Martin Marathoning Malawi
Courtesy of Martin Hobbs, Lake Malawi, Africa.
Lake Malawi is the third largest lake in Africa and the eighth largest lake in the world. Sandwiched between Malawi, Mozambique, and Tanzania, it is one of the most bio-diverse freshwater lakes in the world.
Lake Malawi was pioneered in a 25 km widthwise crossing by Dr. Otto Thaning and Lewis Pugh in 1992. Later, Abigail Thomson in 2010, and Milko van Gool and Kaitlin Harthoorn in 2013 crossed widthwise. A group of Madswimmers led by Jean Craven and including Greig Bannatype, Robert Dunford, Samantha Whelpton, Duncan Kukard, Michiel le Roux, Craig Massey-Hicks, Brent Massey-Hicks, Robert Logan, Karen Graaff, Melanie Bedford-shaw, Nick Comana, Shirley Milne, Nena Logan, Douglas Livingstone, Haydon Von Maltitz, Alison Hartley, Cara Gough, Deon van Niekerk, Jessica Comana, Candice Wadey, Jacqueline Marshall, Charlie Luckock, Darren Madgewick, Michelle Walford, Keiman O’Flaherty, Kobie Odendaal, Werner Whelpton, and Travis Johnson completed a 25 km widthwise tandem relay in 2016.
South African swimmer Martin Hobbs is forging a new lengthwise course. He is on his sixth day in an unprecedented 581 km solo stage swim attempt of Lake Malawi, swimming from north to south, the same direction as a major sailing race.
Hobbs described his progress, “We into day 5 today. Done 58 km so far. It is not what I hoped, but the currents, swells and heat – air at 30.2°C and water at 29.6°C – has been insane. We have almost covered 10% of the journey so far.” With over 520 km to go, Hobbs explains his goal, “Six years ago, I underwent a spinal fusion operation for fractured discs in my back. This was not only painful but it put an end to my trials biking – something that was very dear to me. This took me to a very low point, it was devastating. Having been an South African Clubman Regional and Nationals championships, I was now told I wouldn’t be able to ride again.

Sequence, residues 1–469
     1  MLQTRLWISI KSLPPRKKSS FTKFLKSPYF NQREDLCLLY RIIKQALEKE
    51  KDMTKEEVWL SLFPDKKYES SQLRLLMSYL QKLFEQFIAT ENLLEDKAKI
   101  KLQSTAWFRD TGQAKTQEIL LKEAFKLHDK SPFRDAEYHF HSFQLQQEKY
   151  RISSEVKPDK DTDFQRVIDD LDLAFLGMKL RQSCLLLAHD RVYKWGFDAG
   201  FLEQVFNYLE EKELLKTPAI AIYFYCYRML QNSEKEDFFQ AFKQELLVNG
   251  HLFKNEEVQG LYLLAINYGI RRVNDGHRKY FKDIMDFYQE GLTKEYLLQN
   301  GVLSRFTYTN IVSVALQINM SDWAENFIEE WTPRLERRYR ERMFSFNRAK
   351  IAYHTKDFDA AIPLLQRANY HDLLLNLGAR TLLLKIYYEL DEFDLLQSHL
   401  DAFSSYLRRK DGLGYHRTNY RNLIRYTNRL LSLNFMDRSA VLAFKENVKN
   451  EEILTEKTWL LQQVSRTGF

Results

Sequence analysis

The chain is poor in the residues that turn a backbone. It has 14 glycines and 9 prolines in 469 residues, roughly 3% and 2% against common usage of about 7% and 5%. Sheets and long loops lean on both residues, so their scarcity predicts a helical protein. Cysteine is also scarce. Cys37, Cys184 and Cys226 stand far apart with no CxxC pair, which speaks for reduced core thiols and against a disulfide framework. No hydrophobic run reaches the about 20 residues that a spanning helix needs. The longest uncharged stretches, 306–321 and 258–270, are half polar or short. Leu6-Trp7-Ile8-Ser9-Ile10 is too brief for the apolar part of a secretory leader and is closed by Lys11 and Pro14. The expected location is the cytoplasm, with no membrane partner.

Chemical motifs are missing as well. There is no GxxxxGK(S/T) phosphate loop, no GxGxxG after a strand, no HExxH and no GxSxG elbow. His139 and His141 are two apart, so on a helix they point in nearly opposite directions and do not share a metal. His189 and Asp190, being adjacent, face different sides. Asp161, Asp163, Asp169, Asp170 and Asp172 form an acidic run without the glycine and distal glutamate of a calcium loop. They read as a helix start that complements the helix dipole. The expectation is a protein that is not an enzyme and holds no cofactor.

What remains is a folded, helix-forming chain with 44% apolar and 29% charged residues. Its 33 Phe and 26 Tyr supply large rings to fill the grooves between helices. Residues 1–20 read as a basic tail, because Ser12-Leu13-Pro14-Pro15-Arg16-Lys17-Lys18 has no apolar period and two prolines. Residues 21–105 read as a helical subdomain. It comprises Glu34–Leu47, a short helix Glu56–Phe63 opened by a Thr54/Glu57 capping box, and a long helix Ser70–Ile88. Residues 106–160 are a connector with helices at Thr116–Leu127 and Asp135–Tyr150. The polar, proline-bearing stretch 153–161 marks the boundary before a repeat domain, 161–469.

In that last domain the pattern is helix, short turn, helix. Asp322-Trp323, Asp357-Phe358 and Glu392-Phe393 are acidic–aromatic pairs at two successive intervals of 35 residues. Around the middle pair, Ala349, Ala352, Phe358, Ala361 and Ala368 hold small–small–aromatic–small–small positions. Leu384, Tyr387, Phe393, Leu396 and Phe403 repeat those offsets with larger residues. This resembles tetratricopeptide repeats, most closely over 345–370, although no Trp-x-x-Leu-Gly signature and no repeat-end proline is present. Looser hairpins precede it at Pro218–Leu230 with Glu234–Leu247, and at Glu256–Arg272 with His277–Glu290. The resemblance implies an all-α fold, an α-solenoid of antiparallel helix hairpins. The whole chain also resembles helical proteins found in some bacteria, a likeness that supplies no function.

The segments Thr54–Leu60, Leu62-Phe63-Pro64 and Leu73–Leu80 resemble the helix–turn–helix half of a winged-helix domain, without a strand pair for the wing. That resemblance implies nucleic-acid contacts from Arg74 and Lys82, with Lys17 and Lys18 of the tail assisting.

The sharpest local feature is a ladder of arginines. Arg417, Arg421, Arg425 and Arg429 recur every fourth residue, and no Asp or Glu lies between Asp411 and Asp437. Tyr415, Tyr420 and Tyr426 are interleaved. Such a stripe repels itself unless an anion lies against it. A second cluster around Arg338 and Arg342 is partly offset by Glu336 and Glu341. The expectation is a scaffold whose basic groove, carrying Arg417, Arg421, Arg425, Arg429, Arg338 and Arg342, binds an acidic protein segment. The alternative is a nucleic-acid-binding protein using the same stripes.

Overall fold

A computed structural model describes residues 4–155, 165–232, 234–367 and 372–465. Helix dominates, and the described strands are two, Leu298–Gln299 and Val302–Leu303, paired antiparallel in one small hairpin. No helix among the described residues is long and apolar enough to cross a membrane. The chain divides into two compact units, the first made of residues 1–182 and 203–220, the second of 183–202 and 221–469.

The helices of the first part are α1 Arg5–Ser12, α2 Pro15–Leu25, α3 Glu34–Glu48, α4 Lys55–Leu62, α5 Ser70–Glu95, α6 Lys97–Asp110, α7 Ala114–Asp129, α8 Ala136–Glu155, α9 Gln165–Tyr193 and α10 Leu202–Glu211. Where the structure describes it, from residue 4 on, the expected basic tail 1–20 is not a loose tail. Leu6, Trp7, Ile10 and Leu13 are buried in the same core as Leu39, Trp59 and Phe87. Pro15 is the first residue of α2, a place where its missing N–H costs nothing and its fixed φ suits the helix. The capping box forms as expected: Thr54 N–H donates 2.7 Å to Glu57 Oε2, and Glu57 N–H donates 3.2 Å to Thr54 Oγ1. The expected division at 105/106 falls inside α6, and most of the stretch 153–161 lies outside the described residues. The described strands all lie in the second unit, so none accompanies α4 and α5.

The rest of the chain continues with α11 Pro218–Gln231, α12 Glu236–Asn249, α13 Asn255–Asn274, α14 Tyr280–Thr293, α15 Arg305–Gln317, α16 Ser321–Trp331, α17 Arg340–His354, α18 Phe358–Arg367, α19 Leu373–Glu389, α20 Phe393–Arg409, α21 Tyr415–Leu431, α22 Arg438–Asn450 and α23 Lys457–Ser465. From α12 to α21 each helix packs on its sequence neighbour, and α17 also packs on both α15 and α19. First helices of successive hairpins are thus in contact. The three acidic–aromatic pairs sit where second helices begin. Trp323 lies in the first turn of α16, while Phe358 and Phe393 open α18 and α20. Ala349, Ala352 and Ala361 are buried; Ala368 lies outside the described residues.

Not one to sit around feeling sorry for myself and knowing there were people in worse off situations, I set off to find out what other sports were out there for people recovering from my operation. This is when I was introduced to swimming. Not only was it a very beneficial sport for recovery, but I found it to be just the competitive sport I was looking for.
Not even a year later, my wife and I entered our first Midmar Mile. It’s funny to look back at it now, how much we stressed so much about getting to the other side – it took hours of training, carbo loading, and many practice swims to get us there and all the stress wasn’t necessary. We finished in great times and we are now both heading for our 6th Midmar year in 2019 and it will be my daughter Jess’s second one next year.
In 2018 I completed my first 8 Mile Swim at Midmar. This is what made me wonder, ‘What is next?’
I couldn’t complete the 16 Mile, my stroke isn’t fast enough to finish in the allotted times and I needed a challenge to look forward to.
This brings me to Lake Malawi. It is the longest, straightest length that we could find for an open water swim.”
As Hobbs will face crocodiles, hippos, bilharzia and malaria throughout his stage swim, he has undergone numerous preparations. “Hopefully [my] precautions will be enough. They are definitely not enough of a hindrance though to not swim.”
For more information about Hobbs’ 581 km stage swim across Lake Malawi that serves as a charity swim for the Smile Foundation, visit here and his Facebook page here.
Copyright © 2008-2019 by World Open Water Swimming Association
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